Radio telemetry runs on the same basic principles as the radio you listen to every day. A small portable transmitter (radio station) emits radio waves, which are picked up by a receiver through an antenna. Instead of transmitting the top forties or local rap stations, the wildlife transmitters emit beeps. Each animal is given a separate frequency (radio station number). Just like you can dial between stations, researchers can dial between animals. Why can't you pick up these beeps on your radio? The frequencies (radio station numbers) used by researchers are higher than can be received by your radio.
Using radio collars and telemetry equipment to follow or locate wildlife is not a new technique. Over the years, many species of wildlife have been studied using radio tracking devices. What is changing is the improvement in equipment. Early transmitters were large and bulky. Only large animals such as bear, elk, and moose could easily wear these collars.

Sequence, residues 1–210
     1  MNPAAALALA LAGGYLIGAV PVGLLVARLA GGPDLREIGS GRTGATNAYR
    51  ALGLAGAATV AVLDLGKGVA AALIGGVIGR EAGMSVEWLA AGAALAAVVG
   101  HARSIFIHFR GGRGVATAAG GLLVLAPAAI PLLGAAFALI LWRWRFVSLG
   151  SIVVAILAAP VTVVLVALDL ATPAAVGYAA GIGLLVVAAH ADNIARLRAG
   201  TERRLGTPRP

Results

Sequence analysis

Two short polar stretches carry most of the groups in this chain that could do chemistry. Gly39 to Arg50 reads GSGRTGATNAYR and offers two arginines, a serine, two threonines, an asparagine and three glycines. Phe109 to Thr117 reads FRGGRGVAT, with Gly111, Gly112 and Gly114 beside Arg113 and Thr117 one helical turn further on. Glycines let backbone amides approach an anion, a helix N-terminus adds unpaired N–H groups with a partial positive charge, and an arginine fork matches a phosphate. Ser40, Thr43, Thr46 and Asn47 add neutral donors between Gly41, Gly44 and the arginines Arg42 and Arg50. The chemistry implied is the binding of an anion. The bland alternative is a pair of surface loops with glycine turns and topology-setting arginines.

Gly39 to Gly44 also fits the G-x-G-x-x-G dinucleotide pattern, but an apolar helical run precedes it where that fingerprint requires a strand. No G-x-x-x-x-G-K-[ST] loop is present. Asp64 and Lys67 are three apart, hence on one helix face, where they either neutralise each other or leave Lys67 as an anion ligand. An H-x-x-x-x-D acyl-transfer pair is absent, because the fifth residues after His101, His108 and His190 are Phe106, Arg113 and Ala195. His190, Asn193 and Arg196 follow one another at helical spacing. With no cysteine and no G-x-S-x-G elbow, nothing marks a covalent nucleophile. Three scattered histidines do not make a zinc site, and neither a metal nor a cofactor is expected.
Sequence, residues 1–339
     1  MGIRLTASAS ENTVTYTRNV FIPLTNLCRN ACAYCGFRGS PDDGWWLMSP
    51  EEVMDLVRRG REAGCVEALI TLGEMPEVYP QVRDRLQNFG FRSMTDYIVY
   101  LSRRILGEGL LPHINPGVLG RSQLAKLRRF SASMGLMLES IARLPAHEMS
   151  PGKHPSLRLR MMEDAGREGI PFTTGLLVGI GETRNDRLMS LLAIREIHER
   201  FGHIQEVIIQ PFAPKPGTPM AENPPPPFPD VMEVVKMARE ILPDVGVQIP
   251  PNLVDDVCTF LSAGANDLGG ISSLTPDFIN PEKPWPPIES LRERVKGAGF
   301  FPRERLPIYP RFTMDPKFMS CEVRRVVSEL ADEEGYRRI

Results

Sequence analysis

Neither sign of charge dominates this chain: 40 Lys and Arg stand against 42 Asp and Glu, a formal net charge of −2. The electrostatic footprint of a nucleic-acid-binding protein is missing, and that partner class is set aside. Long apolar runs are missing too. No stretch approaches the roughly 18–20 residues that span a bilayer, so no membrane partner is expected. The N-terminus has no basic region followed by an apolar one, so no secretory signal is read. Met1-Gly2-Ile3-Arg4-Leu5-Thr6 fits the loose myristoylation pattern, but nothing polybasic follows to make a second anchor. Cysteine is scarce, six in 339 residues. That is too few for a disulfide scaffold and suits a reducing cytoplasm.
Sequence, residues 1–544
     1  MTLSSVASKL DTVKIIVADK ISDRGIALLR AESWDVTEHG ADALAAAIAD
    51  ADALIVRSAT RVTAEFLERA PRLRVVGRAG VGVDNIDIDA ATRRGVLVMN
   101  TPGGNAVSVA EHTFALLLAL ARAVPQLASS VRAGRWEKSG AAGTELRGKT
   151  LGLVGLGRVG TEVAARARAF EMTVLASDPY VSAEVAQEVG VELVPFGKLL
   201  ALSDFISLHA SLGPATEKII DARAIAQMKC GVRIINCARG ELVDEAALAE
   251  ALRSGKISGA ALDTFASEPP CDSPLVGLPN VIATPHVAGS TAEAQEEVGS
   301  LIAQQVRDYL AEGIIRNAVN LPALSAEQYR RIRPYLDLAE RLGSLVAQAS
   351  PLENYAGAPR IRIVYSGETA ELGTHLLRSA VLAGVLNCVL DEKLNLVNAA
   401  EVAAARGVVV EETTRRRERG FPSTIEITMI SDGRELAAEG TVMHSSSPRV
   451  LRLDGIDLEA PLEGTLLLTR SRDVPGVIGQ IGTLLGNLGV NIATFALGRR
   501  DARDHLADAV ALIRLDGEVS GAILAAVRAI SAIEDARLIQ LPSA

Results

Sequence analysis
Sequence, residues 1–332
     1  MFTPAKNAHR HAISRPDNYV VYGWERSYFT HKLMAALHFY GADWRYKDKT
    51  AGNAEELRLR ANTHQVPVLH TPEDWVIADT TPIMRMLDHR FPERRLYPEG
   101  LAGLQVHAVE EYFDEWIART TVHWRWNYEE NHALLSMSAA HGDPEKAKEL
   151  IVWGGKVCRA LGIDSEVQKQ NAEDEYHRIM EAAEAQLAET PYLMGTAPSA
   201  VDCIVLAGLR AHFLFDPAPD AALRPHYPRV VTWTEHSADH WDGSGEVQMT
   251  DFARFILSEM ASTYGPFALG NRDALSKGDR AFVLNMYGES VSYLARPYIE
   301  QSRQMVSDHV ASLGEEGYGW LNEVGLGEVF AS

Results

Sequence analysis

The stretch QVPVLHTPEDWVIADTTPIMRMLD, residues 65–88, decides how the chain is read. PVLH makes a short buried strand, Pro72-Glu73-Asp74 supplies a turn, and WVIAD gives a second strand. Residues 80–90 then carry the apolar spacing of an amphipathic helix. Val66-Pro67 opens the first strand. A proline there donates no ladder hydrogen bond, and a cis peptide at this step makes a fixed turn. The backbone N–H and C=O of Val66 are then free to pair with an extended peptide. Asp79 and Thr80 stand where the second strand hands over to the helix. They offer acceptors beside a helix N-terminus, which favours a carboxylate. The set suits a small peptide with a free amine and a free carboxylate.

Today, transmitters small enough to fit on the backs of songbirds or be clipped to the wings of butterflies are now being used to identify habitat use and gather information on migratory routes. Collars can even give signals that tell when an animal has died. This is important and allows biologists to quickly get to a site when the reason for the animal's death is important. Collar signals are now strong enough to be picked up by satellites. Researchers can program data collection based on an hourly, daily, or weekly movements.
In Michigan, radio telemetry has been used to monitor bear, moose and wolves to gain more information on habitat type and food preferences and even to locate denning sites. Small, temporary transmitters were glued onto a tail feather of young osprey released in southern Michigan, making it easier for osprey attendants to locate and identify the young as they fledged. DNR researchers have used satellites to track collared Canada geese up to 2500 miles during their north-ward post-breeding "molt-migration."